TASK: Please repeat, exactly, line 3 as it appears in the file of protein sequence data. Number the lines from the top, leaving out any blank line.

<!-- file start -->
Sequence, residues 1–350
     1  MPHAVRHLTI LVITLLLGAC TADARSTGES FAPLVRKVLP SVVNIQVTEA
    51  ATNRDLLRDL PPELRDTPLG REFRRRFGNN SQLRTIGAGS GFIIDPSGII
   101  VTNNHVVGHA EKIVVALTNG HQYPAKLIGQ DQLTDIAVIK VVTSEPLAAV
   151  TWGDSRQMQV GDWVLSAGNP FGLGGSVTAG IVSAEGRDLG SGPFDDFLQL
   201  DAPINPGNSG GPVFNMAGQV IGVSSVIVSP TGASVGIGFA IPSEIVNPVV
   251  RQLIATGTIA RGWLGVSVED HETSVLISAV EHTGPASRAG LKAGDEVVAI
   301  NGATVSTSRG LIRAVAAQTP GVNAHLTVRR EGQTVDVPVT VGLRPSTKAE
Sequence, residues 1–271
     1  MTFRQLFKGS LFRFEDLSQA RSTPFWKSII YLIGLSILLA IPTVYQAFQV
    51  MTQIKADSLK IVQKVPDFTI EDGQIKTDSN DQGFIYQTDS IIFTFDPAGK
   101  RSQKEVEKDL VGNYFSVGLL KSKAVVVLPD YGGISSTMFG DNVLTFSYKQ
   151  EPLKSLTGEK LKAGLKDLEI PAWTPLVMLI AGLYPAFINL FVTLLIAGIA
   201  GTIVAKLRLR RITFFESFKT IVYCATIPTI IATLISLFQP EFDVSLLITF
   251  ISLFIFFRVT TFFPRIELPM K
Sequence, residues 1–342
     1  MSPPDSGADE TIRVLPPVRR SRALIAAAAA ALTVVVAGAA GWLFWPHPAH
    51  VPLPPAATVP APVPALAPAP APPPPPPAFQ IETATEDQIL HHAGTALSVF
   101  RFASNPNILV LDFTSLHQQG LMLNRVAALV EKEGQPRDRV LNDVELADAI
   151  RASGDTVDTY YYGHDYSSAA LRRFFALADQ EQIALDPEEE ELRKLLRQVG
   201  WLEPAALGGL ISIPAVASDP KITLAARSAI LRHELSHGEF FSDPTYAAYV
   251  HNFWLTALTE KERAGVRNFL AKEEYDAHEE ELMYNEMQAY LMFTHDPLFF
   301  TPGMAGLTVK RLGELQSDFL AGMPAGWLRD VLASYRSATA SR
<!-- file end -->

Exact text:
    51  ATNRDLLRDL PPELRDTPLG REFRRRFGNN SQLRTIGAGS GFIIDPSGII